Ted has ‘a delicious glass of Le Chapitre Champagne’ in the bar, pictured, for his aperitif. But there are many options – including sake
Mr Bains takes your taste buds on a journey with the five flavors – salty, sweet, sour, bitter and umami – and the menu has a key that identifies the flavors in each dish, many of which are made with ingredients from the garden on it. terrain.
Mouth water science.
To emphasize the differences and get involved in the concept, the first course, simply called “Introduction,” consists of five exquisite savory pieces that are pure examples of every taste – a sea bead, lobster, bonito and seaweed; fried onion textures in an onion consommé (sweet); balsamic ice cream on a sourdough cracker (sour); a tapioca cracker flavored with seaweed, avocado and olive oil puree, green tea and seaweed salt (bitter), and a gougère with pumpkin puree, crispy parmesan cheese and a soy glaze (umami).
Pictured is an example of one of Sat’s stunning dishes – black pudding of pigeon with shoarma herbs, samosa, melon, feta, mint, yogurt and barbecue sauce
And at the end, for a dish called ‘Conclusion’, we get five dessert snacks that once again demonstrate the flavors, to book the experience – a salted caramel chocolate truffle (salt); an ice cream of white chocolate and mandarin ice cream with pine angel and pine sugar (sweet); dehydrated pineapple with mint sorbet (acid); a ‘mushroom trifle’ made of mushroom and chocolate puree, candied mushrooms, mascarpone mousse, dried porcini mushrooms and cocoa powder (bitter) and fudge with miso flavor with fresh lime peel (umami).
In between there is a roller coaster of other highly technical culinary delights.
Deer venison, beaten in the nearby Wollaton Hall with beets and truffle, is a sensational taste bomb; the partridge ragu comes with ‘tagliatelle van raap’, a clever skill that sees the turnip boil in such a way that you temporarily think it is actually pasta and Goosnargh duck is presented as a ‘mixed grill’ – complete with a mini kebab stick of meat.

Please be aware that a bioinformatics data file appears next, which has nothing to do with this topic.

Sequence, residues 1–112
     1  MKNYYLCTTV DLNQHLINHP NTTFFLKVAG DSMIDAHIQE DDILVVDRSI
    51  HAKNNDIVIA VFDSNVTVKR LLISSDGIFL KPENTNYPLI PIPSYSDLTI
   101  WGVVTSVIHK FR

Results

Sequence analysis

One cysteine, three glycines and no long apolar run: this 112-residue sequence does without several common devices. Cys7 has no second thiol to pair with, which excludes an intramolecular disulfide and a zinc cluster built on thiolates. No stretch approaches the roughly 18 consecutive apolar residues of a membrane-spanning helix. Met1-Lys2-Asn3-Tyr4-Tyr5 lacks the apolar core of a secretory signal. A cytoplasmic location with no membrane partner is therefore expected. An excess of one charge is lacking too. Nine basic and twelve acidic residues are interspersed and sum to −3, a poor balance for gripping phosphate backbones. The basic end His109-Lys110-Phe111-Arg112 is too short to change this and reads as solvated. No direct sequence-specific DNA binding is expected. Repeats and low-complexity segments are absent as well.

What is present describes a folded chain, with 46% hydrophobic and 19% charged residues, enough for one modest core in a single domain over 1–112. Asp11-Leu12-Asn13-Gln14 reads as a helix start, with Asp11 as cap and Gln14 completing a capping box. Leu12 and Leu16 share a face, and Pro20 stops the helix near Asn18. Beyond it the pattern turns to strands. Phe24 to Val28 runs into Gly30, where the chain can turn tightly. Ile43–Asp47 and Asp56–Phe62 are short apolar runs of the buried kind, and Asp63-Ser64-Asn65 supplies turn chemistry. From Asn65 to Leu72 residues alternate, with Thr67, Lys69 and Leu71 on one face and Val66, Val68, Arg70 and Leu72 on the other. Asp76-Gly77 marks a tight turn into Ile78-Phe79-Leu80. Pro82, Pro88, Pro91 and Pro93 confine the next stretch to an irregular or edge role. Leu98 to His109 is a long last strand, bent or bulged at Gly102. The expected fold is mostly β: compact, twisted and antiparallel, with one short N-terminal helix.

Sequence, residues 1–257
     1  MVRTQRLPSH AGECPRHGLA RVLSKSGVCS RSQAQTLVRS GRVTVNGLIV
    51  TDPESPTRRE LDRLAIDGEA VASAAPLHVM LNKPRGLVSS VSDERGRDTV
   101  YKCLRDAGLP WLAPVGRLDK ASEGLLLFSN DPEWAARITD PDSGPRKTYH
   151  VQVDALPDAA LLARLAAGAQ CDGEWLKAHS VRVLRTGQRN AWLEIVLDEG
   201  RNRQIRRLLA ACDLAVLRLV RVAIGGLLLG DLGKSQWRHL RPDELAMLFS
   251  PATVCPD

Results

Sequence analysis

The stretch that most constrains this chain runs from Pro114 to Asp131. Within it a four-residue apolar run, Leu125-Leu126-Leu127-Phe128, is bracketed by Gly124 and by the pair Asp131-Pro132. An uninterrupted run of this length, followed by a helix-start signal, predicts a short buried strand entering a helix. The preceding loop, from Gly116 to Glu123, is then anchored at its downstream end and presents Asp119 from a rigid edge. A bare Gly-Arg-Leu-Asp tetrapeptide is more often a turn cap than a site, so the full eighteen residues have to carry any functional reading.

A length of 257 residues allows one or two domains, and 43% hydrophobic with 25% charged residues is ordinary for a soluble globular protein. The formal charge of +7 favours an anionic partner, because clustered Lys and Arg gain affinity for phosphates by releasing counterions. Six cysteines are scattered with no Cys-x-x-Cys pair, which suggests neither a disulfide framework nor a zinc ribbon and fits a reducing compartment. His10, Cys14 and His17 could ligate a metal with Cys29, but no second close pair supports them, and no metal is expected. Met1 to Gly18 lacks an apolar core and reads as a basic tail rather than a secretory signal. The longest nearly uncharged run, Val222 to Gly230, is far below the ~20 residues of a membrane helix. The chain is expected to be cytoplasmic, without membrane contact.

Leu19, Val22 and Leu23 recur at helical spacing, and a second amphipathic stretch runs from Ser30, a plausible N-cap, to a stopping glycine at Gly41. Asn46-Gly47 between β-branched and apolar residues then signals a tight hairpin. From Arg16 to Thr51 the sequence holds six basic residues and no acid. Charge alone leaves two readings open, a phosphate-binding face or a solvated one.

An eating option is a seat in the kitchen (photo) – where guests are served by the chefs and have the opportunity to talk to them while they cook
The menus appear on table lanterns so that guests can follow their culinary adventure course per course on the left. On the right is the ‘Nucleus’ of Sat Bains, where guests can taste ‘dishes are put to the test before they reach the main menu’
WHY SAT BAINS DO NOT SERVE VEGAN FOOD
Sat thinks serving a vegan menu in his restaurant would be a rip off for his guests, since he charges £ 120 per head for the tasting menu and his business model is based on that.
He says that the menu would of course “be produced with the same love, care and research” with which all his food is made, but the cost of the ingredients would not be the same and he believes that “it would be wrong to have a vegan guest to charge £ 120 on that basis. ‘ He has “a carefully structured company with 48 employees that is only open for dinner four days a week.” The price structure of his menus “is focused on a certain level with those who have business costs and responsibilities in mind.” Hence his decision not to offer a vegan menu for the past 20 years.
No part of the duck is lost, with the dish consisting of wood-fired breast, sausage made from the chopped neck, a rillette of the legs wrapped in potato and a skewer of the heart and liver served with a roasted mushroom and glazed in teriyaki . There is also a black pudding made from minced meat offal, plus mandarin segments and dried and roasted tomato.
We also enjoy a mushroom quiche expertly cut and assembled to resemble a rose bud, a reassuring steam-baked potato with Baeri prestige caviar, a delicious chocolate marquise, a delicate grid of cinnamon-coated potato that looks like a waffle, with crème pâtissière, vanilla ice cream and black currant jam – and pieces of bread that look like muffins, accompanied by seriously delicious butter.
At every step, Sat uses temperature and flavor combinations and texture contrasts that are amazing and surprising.